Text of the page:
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Hina Khawaja Bayat,
A day after the independence day , a student goes missing. In reality he along with his friends was planning to collect all the tricolors which are thrown by people after the Independence day celebration.
Despite being pale in comparison to the director's earlier gems, the master still showcases some important lessons of life lost in our history books.
Muzaffar Ali returns after almost three decades with his new venture JAANISAAR once again made with the backdrop of Avadh, taking you back in time around 1877 when the early sparks of revolution were seen in India against the British rule.
But before talking about the film, I would like to add that whenever a name of this stature decides to make a comeback after a gap of three decades, it forces us to assume that the man must have got something extremely important to say on screen, that he had to return back to his first love and couldn't resist it.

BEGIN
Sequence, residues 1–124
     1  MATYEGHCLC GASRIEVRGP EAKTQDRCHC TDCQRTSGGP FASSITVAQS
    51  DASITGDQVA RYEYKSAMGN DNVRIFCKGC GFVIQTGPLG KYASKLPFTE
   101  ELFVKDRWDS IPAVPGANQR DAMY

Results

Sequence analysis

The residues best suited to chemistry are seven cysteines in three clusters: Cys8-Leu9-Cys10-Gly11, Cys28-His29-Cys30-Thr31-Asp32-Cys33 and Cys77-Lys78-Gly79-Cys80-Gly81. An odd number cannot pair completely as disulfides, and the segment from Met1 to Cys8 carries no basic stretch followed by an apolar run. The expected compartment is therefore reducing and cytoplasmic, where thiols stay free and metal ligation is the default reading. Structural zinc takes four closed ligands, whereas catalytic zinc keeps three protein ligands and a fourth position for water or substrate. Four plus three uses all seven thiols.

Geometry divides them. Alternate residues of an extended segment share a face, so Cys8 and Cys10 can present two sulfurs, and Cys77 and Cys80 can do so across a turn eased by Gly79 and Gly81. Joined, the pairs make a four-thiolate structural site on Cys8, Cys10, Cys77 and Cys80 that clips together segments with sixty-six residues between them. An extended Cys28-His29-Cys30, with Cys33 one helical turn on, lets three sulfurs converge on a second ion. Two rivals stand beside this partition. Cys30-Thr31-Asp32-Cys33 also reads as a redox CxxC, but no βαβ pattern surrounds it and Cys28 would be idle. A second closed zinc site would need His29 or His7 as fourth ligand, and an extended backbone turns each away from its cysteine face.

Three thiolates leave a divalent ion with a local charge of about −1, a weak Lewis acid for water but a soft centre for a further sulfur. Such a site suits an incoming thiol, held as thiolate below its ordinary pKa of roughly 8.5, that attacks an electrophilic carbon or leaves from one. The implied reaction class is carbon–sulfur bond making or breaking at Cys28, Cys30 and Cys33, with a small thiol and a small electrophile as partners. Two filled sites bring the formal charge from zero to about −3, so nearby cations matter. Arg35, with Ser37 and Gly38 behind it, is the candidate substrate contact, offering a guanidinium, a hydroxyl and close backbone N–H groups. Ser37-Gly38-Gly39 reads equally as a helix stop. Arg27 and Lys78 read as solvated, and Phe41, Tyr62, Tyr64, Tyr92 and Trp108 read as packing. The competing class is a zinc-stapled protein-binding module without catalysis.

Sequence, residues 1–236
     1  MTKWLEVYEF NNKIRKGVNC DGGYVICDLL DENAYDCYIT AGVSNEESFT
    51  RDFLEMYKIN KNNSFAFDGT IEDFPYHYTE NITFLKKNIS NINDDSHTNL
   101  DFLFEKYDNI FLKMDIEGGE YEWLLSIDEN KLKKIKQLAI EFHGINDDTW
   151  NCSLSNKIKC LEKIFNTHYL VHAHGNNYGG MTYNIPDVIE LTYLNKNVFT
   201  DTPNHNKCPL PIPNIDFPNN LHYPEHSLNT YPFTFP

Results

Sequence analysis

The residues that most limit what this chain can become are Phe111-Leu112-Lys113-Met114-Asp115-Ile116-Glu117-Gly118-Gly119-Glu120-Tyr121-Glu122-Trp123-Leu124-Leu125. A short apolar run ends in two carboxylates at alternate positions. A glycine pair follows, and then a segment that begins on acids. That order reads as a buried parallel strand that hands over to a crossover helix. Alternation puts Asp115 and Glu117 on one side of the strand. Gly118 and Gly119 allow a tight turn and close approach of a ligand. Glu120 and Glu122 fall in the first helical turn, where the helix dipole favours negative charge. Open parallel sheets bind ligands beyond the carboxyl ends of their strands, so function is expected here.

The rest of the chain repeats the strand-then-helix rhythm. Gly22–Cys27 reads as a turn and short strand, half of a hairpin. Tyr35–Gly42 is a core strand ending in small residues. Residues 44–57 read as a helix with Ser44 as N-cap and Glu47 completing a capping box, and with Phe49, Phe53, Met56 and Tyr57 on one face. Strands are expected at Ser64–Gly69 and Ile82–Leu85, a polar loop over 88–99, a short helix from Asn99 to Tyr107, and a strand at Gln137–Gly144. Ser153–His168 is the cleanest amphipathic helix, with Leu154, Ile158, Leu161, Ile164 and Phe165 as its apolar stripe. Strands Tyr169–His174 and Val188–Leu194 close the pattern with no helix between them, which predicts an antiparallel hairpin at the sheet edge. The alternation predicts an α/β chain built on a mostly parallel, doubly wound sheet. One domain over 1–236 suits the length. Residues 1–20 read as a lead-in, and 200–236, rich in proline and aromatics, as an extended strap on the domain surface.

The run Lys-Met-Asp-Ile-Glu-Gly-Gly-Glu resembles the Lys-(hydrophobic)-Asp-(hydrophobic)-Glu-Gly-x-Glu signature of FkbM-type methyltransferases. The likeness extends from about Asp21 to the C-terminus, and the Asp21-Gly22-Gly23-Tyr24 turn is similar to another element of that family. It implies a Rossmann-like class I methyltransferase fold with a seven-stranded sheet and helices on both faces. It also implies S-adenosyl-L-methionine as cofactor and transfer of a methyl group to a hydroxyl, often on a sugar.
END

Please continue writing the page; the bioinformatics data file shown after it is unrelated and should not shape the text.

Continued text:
However, after watching the big effort made, one feels quite surprised as well as confused since the film has nothing new to convey or represent either in terms of storyline or cinematic expression conceived by the man behind many cult classics.
Once again dealing with the same old story of a handsome Indian Prince (brought up as an English gentleman abroad) falling in love with a beautiful courtesan after returning to his country and then revolting against the British rulers in the end, JAANISAAR simply fails on the story level walking through the same 'seen before' track quite close to the basic theme of UMRAO JAAN. And astonishingly this (supposedly inspired from true events) story is written by three highly creative minds namely Javed Siddiqui, Shama Zaidi and the director himself.